US8758630B1 - Waste water processing system and method - Google Patents

Waste water processing system and method Download PDF

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Publication number
US8758630B1
US8758630B1 US13014698 US201113014698A US8758630B1 US 8758630 B1 US8758630 B1 US 8758630B1 US 13014698 US13014698 US 13014698 US 201113014698 A US201113014698 A US 201113014698A US 8758630 B1 US8758630 B1 US 8758630B1
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Prior art keywords
aperture
irradiating chamber
reactor
irradiating
chamber
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US13014698
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Eric Britenstine
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Britenstine Inc
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Britenstine Inc
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    • CCHEMISTRY; METALLURGY
    • C02TREATMENT OF WATER, WASTE WATER, SEWAGE, OR SLUDGE
    • C02FTREATMENT OF WATER, WASTE WATER, SEWAGE, OR SLUDGE
    • C02F1/00Treatment of water, waste water, or sewage
    • C02F1/30Treatment of water, waste water, or sewage by irradiation
    • C02F1/32Treatment of water, waste water, or sewage by irradiation with ultra-violet light
    • CCHEMISTRY; METALLURGY
    • C02TREATMENT OF WATER, WASTE WATER, SEWAGE, OR SLUDGE
    • C02FTREATMENT OF WATER, WASTE WATER, SEWAGE, OR SLUDGE
    • C02F2201/00Apparatus for treatment of water, waste water or sewage
    • C02F2201/32Details relating to UV-irradiation devices
    • C02F2201/322Lamp arrangement
    • C02F2201/3227Units with two or more lamps
    • CCHEMISTRY; METALLURGY
    • C02TREATMENT OF WATER, WASTE WATER, SEWAGE, OR SLUDGE
    • C02FTREATMENT OF WATER, WASTE WATER, SEWAGE, OR SLUDGE
    • C02F2301/00General aspects of water treatment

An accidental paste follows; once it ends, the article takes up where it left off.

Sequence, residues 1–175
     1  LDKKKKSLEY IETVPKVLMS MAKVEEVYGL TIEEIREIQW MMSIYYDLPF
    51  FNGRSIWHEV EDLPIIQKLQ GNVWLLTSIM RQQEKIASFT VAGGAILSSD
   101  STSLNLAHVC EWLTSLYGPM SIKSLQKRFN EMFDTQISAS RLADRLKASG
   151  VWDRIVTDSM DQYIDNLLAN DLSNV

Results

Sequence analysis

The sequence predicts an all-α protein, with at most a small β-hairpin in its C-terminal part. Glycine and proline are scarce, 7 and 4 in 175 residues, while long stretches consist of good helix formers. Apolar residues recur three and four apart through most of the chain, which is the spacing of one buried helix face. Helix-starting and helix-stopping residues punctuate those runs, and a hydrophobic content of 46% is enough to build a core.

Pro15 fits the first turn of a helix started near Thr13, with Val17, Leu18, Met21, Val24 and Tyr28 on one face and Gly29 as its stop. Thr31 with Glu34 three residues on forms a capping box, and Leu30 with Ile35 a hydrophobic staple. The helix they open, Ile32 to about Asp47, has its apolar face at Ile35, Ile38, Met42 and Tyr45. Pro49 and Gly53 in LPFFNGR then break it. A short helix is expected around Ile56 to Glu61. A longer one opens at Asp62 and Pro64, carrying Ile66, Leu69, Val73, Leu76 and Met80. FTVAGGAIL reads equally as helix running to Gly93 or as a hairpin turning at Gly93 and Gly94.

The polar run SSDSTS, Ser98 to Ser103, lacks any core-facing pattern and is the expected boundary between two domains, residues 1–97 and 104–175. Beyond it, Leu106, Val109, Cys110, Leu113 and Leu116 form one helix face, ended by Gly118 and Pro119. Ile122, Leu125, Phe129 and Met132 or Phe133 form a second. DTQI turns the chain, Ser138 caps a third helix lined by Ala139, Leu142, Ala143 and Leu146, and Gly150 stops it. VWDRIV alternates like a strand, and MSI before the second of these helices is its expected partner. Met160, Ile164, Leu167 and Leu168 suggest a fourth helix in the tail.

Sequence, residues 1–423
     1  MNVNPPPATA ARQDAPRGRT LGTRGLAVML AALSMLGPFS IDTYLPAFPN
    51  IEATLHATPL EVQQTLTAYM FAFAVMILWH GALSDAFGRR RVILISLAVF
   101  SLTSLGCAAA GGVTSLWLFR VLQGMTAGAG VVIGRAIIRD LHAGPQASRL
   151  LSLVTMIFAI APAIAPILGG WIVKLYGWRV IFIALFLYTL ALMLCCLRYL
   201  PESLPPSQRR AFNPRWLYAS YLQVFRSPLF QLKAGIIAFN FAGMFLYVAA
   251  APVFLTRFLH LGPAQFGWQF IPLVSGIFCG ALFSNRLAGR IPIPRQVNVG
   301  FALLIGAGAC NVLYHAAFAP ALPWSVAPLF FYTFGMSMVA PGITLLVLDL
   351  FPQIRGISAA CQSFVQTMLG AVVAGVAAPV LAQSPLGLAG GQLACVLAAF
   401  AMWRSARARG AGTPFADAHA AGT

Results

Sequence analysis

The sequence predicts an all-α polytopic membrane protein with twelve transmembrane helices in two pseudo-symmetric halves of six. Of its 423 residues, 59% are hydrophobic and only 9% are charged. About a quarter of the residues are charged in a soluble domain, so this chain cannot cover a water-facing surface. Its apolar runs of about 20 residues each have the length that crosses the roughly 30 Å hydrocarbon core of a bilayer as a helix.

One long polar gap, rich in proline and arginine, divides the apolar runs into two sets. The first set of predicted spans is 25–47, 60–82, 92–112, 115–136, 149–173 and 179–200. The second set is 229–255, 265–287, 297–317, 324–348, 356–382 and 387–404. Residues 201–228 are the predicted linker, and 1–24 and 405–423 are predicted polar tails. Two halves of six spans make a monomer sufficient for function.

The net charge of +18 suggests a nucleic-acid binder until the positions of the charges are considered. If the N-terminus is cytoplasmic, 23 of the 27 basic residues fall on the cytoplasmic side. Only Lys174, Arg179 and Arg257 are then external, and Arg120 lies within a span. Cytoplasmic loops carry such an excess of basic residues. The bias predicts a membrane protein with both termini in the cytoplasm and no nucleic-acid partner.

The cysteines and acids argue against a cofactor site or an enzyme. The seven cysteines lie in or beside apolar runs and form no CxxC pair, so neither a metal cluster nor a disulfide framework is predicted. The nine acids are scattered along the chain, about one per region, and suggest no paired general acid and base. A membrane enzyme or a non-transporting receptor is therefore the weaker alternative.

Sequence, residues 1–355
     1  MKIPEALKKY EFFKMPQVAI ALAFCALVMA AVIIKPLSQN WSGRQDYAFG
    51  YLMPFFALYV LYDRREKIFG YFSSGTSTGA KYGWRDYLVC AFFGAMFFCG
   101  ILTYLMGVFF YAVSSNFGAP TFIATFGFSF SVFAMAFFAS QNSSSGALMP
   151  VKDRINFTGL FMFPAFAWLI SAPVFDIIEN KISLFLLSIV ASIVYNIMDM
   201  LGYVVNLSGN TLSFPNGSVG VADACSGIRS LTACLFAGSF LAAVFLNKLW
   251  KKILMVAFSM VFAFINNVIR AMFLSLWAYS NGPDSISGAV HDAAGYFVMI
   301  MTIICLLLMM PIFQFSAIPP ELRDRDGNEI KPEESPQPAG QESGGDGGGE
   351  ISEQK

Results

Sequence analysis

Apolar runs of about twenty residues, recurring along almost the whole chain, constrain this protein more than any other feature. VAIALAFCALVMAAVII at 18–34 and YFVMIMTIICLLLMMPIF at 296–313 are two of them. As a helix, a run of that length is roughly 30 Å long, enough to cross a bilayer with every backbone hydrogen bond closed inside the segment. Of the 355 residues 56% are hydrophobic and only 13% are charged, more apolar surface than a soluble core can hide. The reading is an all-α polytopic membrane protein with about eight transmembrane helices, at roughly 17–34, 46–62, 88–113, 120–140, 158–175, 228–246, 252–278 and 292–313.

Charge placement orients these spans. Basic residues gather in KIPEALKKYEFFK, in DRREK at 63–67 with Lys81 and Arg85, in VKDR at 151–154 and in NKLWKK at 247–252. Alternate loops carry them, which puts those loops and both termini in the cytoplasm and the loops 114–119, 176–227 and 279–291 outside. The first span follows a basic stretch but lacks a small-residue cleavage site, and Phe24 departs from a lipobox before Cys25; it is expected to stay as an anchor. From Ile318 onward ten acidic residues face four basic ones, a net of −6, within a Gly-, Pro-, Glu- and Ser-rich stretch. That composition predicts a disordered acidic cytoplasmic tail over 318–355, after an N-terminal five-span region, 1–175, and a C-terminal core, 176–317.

• C02F2301/08Multistage treatments, e.g. repetition of the same process step under different conditions

Abstract

A method for reducing fecal coliforms in waste water wherein the flow of water is directed through a reactor having removable cover, inlet and outlet, two UV lamps, six irradiating chambers, each interconnected by apertures, a UV lamp control box, and a heat a conducting pipe to transfer heat from the control box into the flowing water.

Description

The present application is related to the provisional patent application No. Provisional 61/361,372 Eric Britenstine filed Jul. 2, 2010, entitled “Waste Water Processing System And Method”, and based on which priority is herewith claimed under 35 U.S.C. 119(e) and the disclosure of which is incorporated herein by reference in its entirety as if fully rewritten herein.

BACKGROUND AND SUMMARY

The present invention relates generally to using ultra violet light (UV) for the reduction of fecal coliforms from waste water and specifically to using UV in the 200 to 300 nm wavelength, preferably around 254 nm, to that end.

Conventional gravity fed systems utilize a chlorine contact tank fed by a sand filter to reduce the fecal coliforms. However, such systems are problematic because the chlorine must then be removed from the water. This is accomplished by adding sodium thiosulfate in order to reduce the chlorine count to acceptable levels. However, this has the undesirable effect of lowering the oxygen level in the water to undesirable limits.